Revathi Reddy

Introduce yourself...

I am pursuing my Master's in Chemistry with a focus on Chemical Biology from Dr. Ratmir Derda’s group at the University of Alberta. My field of research is called “glycobiology” which is the study of chemistry and biology of sugar molecules that are present in every living organism. It is a rapidly growing field and I am very excited to be able to contribute to it. While I find academic research quite rewarding, I also care deeply about translating science beyond the lab bench. Since my undergraduate days, I have found ways to communicate my science in the form of blogs, creating visual infographics, and engaging scientists on social media. When I’m not doing experiments in the lab, I’m probably experimenting with molecules in my kitchen. Growing up in an Indian family, I have grown fond of exploring my palette and trying new flavorful vegetarian recipes.

What are you researching and what do you hope comes out of your research?

To put it in very simple terms, I am currently looking to develop newer and effective methods to diagnose infectious diseases from human blood. I am specifically looking at a class of molecules called "anti-glycan antibodies" which are proteins that your body makes against sugar molecules present on viruses, pathogens, vaccines, etc. There is much left to be discovered in this field and I am hoping that one day the tools that I am developing can help study these molecules better and their impact on human health.

How did presenting a Three Minute Thesis (3MT) help explain your research to the public?

Focusing only on the scientific details of your research can sometimes make you lose sight of the project’s broader impact and vision. Presenting a 3MT really forced me to think beyond the day-to-day experiments that I do at the lab bench and focus more on the overarching goal of my project. It has taught me to communicate my research findings in a much simpler way without overgeneralizing them. This has been my best science communication experience so far!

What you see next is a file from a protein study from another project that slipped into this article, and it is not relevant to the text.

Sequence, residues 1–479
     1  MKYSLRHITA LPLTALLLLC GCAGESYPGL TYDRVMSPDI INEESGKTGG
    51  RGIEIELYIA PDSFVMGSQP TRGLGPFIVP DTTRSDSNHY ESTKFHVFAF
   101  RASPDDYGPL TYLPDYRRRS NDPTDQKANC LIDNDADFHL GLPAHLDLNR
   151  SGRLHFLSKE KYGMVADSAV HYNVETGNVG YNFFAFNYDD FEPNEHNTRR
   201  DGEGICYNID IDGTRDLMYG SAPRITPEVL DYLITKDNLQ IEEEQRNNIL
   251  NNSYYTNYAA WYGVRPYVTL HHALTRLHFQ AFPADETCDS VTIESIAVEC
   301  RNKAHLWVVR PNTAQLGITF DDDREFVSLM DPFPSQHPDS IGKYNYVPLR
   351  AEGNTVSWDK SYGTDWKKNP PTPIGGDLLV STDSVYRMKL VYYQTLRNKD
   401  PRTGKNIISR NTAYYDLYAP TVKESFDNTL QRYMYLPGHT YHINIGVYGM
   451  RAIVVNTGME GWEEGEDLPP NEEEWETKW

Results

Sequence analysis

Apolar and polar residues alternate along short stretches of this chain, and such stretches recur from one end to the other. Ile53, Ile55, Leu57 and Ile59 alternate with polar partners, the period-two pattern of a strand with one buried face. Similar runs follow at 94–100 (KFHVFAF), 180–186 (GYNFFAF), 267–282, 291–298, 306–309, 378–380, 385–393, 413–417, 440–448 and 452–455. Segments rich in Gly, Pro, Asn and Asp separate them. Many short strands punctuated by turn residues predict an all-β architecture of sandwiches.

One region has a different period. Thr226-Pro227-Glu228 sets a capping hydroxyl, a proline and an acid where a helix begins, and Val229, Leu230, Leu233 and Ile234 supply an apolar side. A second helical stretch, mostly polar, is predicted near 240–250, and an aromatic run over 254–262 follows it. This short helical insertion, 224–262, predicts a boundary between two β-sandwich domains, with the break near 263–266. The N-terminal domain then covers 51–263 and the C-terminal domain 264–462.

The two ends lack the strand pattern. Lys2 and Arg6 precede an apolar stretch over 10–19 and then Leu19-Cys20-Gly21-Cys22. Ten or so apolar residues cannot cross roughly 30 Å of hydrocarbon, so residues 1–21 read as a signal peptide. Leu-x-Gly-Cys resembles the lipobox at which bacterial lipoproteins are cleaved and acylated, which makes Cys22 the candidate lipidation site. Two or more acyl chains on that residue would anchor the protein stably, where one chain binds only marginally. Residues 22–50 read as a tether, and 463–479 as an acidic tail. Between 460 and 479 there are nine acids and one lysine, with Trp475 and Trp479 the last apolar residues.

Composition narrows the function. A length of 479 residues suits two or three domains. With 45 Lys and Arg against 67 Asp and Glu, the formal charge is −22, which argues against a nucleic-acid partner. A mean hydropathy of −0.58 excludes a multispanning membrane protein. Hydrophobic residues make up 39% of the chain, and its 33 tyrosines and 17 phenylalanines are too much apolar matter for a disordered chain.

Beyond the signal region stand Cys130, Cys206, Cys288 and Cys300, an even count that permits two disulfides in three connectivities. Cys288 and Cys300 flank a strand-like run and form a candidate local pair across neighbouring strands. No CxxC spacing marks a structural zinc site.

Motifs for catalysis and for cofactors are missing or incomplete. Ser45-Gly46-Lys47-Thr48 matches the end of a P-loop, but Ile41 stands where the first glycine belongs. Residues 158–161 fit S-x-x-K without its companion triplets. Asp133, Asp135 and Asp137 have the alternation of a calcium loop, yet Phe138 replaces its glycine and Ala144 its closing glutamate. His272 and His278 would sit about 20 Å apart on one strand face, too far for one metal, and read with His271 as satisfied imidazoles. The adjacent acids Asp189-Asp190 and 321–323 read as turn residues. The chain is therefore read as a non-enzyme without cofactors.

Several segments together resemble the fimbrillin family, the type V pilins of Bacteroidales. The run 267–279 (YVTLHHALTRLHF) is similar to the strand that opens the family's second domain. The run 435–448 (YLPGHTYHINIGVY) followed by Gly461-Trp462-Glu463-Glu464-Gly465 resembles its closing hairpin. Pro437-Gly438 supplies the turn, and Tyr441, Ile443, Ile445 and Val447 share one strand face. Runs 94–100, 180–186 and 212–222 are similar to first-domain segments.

What inspires you to do research?

I find the process of exploring a problem that has never been solved before extremely rewarding. In scientific research, failures are bound to happen but being able to learn from them and troubleshoot on a daily basis gives me immense satisfaction. Believing that a few years down the line my research may move beyond the lab bench and help patients is what motivates me the most.

What are three keywords important to your 3MT? 

passion, energy, enthusiasm

How has your research changed during COVID-19

Even though multiple unprecedented lab closures irreversibly affected my research progress, COVID-19 taught me to prioritize my tasks and use my time wisely. I have been of the opinion that putting long hours in the lab is essential to collect as much data as possible but in the past year, I realized that taking breaks actually increased my productivity and efficiency. It has also taught me to be more resilient, a really important virtue that I have never really thought of before the pandemic.

If you had to dedicate your research to anyone from the past, present, or future, who would it be and why?

I would definitely dedicate it to my mom who has always been supportive of my life and career choices. Being an international student can get overwhelming at times and she has been an incredible pillar of moral support throughout my time in graduate school.